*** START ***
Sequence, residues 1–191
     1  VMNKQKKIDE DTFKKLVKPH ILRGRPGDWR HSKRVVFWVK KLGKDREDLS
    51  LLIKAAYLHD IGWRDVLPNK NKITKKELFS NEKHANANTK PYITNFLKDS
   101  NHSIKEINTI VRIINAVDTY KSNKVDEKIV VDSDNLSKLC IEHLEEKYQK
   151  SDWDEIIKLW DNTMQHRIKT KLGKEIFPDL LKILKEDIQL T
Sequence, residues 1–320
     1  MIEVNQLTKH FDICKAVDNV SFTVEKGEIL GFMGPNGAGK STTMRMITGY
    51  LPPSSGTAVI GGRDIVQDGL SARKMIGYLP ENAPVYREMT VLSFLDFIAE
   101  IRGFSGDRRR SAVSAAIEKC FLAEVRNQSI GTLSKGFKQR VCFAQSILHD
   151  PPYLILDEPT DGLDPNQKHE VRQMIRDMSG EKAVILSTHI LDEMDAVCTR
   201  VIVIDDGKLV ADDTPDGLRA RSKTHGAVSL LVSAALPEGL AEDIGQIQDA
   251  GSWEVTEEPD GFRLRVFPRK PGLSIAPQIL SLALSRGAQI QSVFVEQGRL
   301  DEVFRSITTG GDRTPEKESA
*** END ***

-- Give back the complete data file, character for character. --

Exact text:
Sequence, residues 1–191
     1  VMNKQKKIDE DTFKKLVKPH ILRGRPGDWR HSKRVVFWVK KLGKDREDLS
    51  LLIKAAYLHD IGWRDVLPNK NKITKKELFS NEKHANANTK PYITNFLKDS
   101  NHSIKEINTI VRIINAVDTY KSNKVDEKIV VDSDNLSKLC IEHLEEKYQK
   151  SDWDEIIKLW DNTMQHRIKT KLGKEIFPDL LKILKEDIQL T
Sequence, residues 1–320
     1  MIEVNQLTKH FDICKAVDNV SFTVEKGEIL GFMGPNGAGK STTMRMITGY
    51  LPPSSGTAVI GGRDIVQDGL SARKMIGYLP ENAPVYREMT VLSFLDFIAE
   101  IRGFSGDRRR SAVSAAIEKC FLAEVRNQSI GTLSKGFKQR VCFAQSILHD
   151  PPYLILDEPT DGLDPNQKHE VRQMIRDMSG EKAVILSTHI LDEMDAVCTR
   201  VIVIDDGKLV ADDTPDGLRA RSKTHGAVSL LVSAALPEGL AEDIGQIQDA
   251  GSWEVTEEPD GFRLRVFPRK PGLSIAPQIL SLALSRGAQI QSVFVEQGRL
   301  DEVFRSITTG GDRTPEKESA